Living in an Islamic country, you’d think citizens like myself would be used to Islam and its teachings. But I’m not.
Growing up, I must admit I was raised in a family that was pretty racist. My parents were very wary of me mixing with the Malay kids in general to the point that they have sent me to a private school where I would have fewer interactions with them.
Funnily enough, I became very close to a small group of Malay girls and I was the only Chinese among them. We did everything together – from studying, to having lunch together. I saw no issues with it. Until one of them hosted a slumber party.
I begged my mom to let me join the party so much as I really wanted to go. But she refused and was very firm about it, saying that she was afraid that the girls may try and convert me by getting me to read the Quran and would, therefore, become a Muslim because of the witnesses.
It was a horrible and misleading view about Muslims, but I didn’t know it then. And because I was a child, I believed my mom and I stopped hanging out with the girls after that. I didn’t want to be converted into a Muslim and stop eating pork and had to cover up. I was genuinely afraid that would actually happen to me.
Why I Used To Be Afraid of Muslims
[The #notinmyname Muslim march against terrorism in Italy, 2015. Photo credit to The Daily Beast]
Negative portrayals of Islam from the western media had led me to believe that Islam was a violent and oppressive religion which had caused thousands to suffer.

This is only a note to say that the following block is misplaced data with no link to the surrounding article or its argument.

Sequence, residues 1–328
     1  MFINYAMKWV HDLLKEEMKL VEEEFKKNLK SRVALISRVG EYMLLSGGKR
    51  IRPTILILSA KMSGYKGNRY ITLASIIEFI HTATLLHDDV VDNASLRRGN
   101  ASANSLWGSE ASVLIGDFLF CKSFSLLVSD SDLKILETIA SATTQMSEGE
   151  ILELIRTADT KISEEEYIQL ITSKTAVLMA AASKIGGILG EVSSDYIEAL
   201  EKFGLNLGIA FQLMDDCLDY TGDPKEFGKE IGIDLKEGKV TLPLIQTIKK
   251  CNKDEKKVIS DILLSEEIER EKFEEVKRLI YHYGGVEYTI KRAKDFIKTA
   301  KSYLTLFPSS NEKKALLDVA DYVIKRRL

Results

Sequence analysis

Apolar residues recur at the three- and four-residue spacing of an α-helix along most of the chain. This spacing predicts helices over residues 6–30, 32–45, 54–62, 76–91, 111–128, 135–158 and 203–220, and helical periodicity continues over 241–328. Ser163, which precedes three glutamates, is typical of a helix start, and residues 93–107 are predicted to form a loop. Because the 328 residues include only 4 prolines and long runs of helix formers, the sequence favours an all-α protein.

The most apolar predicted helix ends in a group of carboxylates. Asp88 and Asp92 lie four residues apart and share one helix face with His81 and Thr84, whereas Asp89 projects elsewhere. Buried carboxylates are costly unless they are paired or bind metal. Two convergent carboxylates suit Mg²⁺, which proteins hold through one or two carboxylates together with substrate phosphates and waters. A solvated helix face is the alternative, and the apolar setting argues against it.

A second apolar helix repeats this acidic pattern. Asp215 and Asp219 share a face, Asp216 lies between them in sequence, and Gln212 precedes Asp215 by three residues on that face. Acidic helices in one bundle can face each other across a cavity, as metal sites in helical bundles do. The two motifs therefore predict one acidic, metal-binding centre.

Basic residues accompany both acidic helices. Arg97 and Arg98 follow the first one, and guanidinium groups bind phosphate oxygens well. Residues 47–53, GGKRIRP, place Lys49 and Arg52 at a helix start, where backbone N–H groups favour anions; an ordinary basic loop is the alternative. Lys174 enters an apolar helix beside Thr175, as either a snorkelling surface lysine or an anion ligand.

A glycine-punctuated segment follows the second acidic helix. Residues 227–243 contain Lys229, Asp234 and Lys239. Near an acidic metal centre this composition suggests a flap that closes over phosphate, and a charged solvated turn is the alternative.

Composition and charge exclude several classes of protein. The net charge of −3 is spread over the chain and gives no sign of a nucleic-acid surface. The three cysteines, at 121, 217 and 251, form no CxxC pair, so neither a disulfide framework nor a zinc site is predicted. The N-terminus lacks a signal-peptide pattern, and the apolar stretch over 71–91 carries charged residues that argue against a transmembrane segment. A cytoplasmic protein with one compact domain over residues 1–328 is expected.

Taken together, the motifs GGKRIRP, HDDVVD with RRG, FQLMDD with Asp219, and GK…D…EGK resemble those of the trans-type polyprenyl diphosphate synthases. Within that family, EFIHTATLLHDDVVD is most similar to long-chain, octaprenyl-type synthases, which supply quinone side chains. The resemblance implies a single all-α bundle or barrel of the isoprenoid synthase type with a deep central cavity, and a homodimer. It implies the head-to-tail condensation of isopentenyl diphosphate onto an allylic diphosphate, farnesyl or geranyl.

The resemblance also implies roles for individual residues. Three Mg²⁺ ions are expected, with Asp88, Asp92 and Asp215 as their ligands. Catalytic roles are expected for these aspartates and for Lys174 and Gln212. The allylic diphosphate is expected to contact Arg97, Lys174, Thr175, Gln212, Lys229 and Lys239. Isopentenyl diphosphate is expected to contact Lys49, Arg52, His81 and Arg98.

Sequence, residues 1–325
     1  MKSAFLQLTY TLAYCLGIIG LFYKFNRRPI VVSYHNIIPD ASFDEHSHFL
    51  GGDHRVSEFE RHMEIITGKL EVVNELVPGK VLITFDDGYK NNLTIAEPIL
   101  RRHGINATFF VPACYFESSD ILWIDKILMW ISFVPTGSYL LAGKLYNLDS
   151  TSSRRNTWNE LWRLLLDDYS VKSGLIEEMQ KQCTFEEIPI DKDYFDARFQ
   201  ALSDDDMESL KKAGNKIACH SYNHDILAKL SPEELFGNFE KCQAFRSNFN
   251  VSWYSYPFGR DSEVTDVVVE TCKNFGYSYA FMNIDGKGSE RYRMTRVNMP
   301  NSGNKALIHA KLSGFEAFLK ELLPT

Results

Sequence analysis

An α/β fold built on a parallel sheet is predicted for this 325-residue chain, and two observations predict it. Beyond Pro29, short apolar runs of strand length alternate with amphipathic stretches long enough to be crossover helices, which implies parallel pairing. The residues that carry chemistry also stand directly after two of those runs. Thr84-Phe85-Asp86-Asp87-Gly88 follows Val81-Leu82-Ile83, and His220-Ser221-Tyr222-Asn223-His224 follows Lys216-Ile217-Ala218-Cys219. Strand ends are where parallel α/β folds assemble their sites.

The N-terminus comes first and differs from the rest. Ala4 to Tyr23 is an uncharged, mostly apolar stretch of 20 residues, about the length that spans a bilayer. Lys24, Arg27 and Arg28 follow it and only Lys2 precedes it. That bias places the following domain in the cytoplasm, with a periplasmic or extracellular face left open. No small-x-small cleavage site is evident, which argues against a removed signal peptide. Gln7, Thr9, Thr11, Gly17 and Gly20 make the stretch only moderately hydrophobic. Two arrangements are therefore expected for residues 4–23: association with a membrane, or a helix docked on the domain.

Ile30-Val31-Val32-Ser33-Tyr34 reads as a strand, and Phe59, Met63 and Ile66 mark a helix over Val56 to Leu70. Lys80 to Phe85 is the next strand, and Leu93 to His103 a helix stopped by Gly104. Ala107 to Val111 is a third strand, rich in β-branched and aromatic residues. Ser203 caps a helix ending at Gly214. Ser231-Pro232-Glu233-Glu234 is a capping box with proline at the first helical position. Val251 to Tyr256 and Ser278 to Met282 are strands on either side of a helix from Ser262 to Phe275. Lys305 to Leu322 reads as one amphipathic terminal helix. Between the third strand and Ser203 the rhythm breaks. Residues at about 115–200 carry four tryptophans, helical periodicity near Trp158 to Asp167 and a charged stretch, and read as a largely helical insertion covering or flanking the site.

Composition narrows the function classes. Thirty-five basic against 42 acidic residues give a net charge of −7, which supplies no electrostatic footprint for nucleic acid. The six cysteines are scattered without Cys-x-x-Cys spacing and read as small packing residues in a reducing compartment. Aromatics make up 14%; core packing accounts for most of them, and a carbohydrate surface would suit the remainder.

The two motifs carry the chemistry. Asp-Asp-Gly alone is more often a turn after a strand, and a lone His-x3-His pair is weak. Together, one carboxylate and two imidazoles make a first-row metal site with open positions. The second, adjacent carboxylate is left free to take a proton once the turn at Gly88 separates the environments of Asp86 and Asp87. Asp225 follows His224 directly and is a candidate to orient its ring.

On top of that, TV shows have shown plenty of terrorists who are Muslims, further fueling the stereotypes I have perceived over the years. Soon enough, I became Islamophobic.
In my ingrained mind, I believed that Muslims were the cause of war and the terrorists that happened across the world.
I did not question the biases of the media, nor did I ever try to see that it is the Muslims themselves who are mostly victims. It was an unfair opinion, I know, but that was how I felt at that time.
How I Came to Read the Quran
Back in uni, I met a wonderful guy who asked me out one day. We had fun and we really connected well. Nothing about him indicated that he was a Muslim; his name didn’t sound Muslim, he drinks alcohol, he’s totally open about any topic to talk about and he even joined me for Dim Sum brunch.
But the moment he told me he was Muslim, I was thinking, “Oh no, this is not gonna work, I cannot be with a Muslim.”
The next time we met up, I explained that we couldn’t be together because of his religion. When he asked why, I told him it’s because I didn’t want to convert and I was afraid I would be forced to conform to the rules such as not eating pork, or covering up, and more.
He didn’t get offended, and said: “You should read the Quran if you have so much fear about the religion.”
“No one would convert you if you read the book in your own time,” he assured me.